Broughty Ferry Environmental Project

Zoom: Taking a closer look at nature

The Group
Broughty Ferry Environmental Project was set up in 1998 to initiate and manage local environmental and sustainable initiatives in the east of Dundee. The project has two main aims: to promote and encourage the conservation and protection of wildlife and the environment for the benefit of the public; and to advance the education of the general public about environmental issues through the provision of education, information and publicity.  The Zoom project included the communities of Douglas, Whitfield and Broughty Ferry.

What were they trying to achieve?
The project aimed to engage local people in an exploration of their natural environment and identify action needed to protect and enhance the area.  The objectives were to explore local biodiversity within the Dighty Burn catchment; to find out what makes it distinctive and valued by local people; to use approaches which make the exercise accessible and inclusive; to train people in relevant research techniques; and to use the results to recommend action through practical projects to protect, conserve and enhance local biodiversity.

How did they go about it?
The initial phase included recruiting and training volunteers, and preparation of Zoom packs.  Each pack included questionnaires, information, a gift and survey sheet relevant to the topic to be surveyed: e.g. ladybirds, lichens.  The next stage involved activities to generate interest in the project, involving around 400 people, including a school mosaic, survey of invasive species, sessions with primary age children on insects, reminiscence sessions, and poetry.  The final stage involved presentation of displays in community centres and libraries, and follow up meeting to generate ideas for action.  The research was undertaken by the BFEP project worker, local volunteers and a research mentor.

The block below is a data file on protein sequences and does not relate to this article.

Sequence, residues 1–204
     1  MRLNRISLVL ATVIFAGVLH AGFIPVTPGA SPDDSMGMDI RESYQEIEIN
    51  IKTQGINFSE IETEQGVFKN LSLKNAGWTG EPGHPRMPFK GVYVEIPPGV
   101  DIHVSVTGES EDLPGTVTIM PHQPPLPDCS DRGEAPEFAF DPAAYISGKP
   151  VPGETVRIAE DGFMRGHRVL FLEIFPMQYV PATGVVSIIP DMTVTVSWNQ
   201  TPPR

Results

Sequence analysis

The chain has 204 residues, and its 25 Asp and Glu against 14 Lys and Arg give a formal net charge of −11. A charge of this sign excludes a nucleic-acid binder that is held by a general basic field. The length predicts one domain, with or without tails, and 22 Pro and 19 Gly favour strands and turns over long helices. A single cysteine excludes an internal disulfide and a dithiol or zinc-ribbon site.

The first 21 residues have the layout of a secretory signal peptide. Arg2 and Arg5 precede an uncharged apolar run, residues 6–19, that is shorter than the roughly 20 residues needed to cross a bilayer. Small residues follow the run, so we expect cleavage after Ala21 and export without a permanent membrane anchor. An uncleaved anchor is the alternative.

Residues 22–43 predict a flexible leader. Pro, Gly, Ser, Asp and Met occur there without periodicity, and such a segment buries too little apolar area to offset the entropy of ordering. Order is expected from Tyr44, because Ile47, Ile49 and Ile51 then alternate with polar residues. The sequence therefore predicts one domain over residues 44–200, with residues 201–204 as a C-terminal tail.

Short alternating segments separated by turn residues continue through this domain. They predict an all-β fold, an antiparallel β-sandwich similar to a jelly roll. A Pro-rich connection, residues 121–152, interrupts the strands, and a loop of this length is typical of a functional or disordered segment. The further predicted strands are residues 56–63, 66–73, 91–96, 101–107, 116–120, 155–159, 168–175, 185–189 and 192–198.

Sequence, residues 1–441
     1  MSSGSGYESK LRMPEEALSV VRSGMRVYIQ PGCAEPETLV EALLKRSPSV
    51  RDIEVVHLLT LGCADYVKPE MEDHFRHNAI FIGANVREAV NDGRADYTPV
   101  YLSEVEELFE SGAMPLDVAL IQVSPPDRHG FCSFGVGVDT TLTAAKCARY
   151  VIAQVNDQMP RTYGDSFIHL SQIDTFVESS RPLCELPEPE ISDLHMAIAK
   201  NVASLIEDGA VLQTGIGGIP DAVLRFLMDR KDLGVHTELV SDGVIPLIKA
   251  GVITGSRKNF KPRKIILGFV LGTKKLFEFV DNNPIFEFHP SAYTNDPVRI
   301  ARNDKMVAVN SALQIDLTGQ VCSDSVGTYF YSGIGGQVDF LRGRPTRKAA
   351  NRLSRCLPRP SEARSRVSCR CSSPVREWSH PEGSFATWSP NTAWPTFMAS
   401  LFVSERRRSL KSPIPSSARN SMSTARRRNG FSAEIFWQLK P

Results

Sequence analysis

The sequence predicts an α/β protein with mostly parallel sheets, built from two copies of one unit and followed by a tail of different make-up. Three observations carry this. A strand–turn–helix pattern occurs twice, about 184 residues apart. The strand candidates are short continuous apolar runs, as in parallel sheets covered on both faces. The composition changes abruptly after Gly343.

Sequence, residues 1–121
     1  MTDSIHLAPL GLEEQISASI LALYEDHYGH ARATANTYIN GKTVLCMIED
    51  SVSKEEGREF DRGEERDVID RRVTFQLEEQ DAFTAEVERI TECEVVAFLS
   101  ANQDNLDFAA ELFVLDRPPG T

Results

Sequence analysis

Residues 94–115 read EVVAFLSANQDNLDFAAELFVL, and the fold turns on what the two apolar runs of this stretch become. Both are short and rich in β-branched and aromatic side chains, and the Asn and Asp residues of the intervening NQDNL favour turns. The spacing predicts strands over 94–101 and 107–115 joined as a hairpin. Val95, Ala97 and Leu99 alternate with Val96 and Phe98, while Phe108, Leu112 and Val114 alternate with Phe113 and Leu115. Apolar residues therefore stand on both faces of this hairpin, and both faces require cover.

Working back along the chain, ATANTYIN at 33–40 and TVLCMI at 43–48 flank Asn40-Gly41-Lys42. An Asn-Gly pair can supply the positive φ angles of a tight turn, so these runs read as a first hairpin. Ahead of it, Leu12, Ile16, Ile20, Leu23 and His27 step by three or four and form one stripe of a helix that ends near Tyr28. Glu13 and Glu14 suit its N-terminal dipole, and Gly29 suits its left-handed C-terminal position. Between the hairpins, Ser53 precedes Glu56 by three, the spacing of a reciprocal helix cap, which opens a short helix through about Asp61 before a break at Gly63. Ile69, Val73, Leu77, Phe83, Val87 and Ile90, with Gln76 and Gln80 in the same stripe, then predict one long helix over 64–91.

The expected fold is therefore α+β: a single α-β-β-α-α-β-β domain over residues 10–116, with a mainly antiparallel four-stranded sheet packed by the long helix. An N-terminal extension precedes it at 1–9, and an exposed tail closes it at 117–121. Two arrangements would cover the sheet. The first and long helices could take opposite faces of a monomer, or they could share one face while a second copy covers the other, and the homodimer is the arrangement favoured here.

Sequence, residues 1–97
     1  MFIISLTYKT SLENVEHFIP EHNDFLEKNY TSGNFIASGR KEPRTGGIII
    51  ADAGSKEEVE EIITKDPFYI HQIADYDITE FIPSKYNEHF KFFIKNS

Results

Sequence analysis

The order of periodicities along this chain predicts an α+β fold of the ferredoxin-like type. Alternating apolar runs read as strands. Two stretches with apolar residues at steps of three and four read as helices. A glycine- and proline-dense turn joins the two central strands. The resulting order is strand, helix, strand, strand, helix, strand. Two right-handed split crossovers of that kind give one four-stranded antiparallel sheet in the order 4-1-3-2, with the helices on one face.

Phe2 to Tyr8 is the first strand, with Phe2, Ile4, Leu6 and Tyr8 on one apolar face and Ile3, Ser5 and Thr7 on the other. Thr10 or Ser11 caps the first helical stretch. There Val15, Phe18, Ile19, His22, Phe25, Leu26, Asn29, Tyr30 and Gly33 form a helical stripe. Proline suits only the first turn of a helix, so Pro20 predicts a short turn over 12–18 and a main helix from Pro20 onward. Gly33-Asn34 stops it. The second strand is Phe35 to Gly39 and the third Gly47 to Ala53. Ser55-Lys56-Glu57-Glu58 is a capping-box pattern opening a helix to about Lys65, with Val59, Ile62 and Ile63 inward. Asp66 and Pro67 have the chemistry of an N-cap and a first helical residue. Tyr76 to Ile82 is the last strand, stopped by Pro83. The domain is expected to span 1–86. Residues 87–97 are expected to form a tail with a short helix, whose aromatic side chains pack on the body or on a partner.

What did they learn?
Some of the results of the projects included:

  • A profile of participants' favourite greenspace
  • Survey findings for various species of bird, bee, ladybird, seaweed and lichen
  • Poems about local greenspaces from reminiscence sessions and about insects from children's sessions
  • A survey of invasive species (including Giant Hogweed) along the Dighty burn

What difference did it make?

  • The results of the project contributed to several birds for funding and to developing work on diodiversity with local schools and other partner organisations
  • A successful application was made to the Scottish Executive's Biodiversity Fund to work with local people to understand, restore and manage the habitats along Broughty Ferry beach
  • Building on the baseline survey, the local authority has embarked on an initiative to tackle invasive species in the area, with ongoing community involvement; and its ranger service is considering adopting the BFEP approach across the city

Broughty Ferry Environmental Project
Broughty Ferry Library
Queen Street
Broughty Ferry
Tel:  01382 436932